What causes bloat in rabbits?
Gastric Dilation (aka "bloat") is sometimes confused with Gastro-Intestinal Stasis (aka GI stasis, ileus) or simple/uncomplicated gas. These three conditions are related but they have separate causes, appearances, and treatments.
Signs that your rabbit isn't well include if the rabbit is not eating anything, or not seeming very happy and not moving around like usual.
See the related links and questions below for details.
Bloat is a very sudden, very severe gas attack where the rabbit's stomach becomes extremely distended and hard. The cause might be bacterial, or something toxic the rabbit ate, or a blockage in just the right spot in the digestive tract (like from eating something that can't be digested properly). Immediate veterinary intervention is required or else the rabbit will die a very painful death. The condition is so serious, and the treatments so agggressive, that a rabbit suffering from bloat does not have a good chance of recovery.
GI Stasis takes longer to develop and the attentive rabbit owner can notice the warning signs; with veterinary care, the chance of recovery is high. GI Stasis results from the rabbit stopping eating: the reason could be pain from an injury, gas, dental trouble, shock from a traumatic event, a hairball or blockage, another illness, etc. Treatment includes belly massage, hydration, force-feeding, pain medication, and gut motility drugs, at least; other treatments may also be required, depending on whatever it is that caused the GI Stasis in the first place. If GI Stasis isn't treated by a vet, it will likely lead to a very painful death for the rabbit.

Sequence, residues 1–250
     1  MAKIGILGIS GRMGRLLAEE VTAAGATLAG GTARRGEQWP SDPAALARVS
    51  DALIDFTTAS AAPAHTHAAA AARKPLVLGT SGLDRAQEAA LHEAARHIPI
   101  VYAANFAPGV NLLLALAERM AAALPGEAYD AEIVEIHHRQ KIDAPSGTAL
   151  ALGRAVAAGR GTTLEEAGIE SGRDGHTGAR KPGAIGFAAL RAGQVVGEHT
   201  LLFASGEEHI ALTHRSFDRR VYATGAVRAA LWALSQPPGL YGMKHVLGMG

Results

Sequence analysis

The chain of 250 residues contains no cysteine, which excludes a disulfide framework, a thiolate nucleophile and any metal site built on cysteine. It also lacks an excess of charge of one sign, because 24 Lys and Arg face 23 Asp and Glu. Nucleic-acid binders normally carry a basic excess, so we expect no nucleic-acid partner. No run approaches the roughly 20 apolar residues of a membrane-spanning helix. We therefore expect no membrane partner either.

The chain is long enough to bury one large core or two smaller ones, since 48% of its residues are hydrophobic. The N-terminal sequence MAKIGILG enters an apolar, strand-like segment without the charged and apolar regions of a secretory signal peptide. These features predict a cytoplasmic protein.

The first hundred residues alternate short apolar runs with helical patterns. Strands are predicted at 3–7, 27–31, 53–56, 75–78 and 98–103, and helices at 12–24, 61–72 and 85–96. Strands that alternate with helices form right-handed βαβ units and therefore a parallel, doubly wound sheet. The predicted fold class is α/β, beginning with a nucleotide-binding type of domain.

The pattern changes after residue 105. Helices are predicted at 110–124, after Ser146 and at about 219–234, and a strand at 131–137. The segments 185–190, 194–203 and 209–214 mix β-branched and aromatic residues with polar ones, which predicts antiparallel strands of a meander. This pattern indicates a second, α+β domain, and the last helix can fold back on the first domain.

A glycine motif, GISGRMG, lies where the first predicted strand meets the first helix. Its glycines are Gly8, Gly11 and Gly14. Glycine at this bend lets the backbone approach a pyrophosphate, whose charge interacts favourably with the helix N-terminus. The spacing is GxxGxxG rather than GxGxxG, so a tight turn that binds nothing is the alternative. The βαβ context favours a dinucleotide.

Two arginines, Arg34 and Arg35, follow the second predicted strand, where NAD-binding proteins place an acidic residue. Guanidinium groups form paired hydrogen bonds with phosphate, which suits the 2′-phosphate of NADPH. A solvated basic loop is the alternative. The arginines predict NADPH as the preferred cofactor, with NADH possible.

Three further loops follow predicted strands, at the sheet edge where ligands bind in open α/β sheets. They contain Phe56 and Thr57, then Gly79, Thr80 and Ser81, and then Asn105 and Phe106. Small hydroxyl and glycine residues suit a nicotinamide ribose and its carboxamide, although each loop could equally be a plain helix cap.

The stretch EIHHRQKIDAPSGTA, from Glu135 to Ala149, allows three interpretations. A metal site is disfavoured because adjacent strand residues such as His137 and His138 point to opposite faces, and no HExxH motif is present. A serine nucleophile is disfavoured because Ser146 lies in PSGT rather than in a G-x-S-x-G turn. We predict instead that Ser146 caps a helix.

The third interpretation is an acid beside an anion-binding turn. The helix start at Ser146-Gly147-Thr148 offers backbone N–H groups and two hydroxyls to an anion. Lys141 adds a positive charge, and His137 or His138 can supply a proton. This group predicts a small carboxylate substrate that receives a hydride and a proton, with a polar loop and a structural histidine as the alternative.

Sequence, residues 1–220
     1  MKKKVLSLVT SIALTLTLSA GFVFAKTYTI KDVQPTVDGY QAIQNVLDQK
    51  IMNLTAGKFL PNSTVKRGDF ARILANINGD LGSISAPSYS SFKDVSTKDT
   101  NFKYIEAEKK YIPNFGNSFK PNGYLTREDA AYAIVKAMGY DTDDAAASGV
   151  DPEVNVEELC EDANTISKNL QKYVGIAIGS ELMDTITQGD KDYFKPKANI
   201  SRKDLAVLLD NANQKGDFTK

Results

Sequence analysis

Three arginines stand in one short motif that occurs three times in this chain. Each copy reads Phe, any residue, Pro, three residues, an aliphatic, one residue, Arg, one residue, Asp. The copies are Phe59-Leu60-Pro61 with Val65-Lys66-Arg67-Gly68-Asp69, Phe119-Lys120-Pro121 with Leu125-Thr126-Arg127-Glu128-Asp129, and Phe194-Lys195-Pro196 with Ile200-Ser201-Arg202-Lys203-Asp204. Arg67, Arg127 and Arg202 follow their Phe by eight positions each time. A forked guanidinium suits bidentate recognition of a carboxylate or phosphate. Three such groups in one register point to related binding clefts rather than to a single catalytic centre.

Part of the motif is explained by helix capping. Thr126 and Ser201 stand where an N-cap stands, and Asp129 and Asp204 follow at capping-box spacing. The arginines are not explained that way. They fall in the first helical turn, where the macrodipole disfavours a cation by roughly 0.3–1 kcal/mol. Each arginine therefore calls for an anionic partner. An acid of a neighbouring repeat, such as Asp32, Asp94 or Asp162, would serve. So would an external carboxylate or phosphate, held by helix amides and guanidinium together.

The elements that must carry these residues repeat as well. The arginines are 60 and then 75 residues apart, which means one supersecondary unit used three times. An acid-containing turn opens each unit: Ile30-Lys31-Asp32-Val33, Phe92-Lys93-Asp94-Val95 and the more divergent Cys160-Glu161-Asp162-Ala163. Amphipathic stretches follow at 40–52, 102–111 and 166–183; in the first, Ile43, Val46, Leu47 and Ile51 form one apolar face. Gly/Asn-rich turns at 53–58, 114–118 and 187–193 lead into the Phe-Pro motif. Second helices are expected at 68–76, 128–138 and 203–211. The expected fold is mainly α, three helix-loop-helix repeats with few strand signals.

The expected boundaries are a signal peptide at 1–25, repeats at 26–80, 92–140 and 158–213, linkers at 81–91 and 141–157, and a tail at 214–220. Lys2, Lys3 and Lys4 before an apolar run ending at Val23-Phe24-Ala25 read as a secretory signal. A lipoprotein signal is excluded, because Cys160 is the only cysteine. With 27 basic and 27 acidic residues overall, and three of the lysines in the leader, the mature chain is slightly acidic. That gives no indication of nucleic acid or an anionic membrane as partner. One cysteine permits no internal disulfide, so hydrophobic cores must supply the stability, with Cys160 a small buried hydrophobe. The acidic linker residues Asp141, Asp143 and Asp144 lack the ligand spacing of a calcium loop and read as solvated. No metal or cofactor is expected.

Gas can develop from certain foods the rabbit eats. Rabbit owners should pay attention to their rabbit's habits, notice what foods give the rabbit gas, and strictly limit those foods in the diet or eliminate them entirely. Certain foods are more likely to cause gas than others, like cabbage and broccoli. Gas can be treated with belly massage, exercise, and simethicone. If untreated, gas might go away on its own, or it might lead to GI stasis.
One person wrote: One of my rabbits had bloat and he died. This does not always happen if you take it to the vets as soon as you realise something is wrong. If your rabbit gets bloat do not blame yourself as this is a common thing and it is usually related to them eating wood, plastic ect.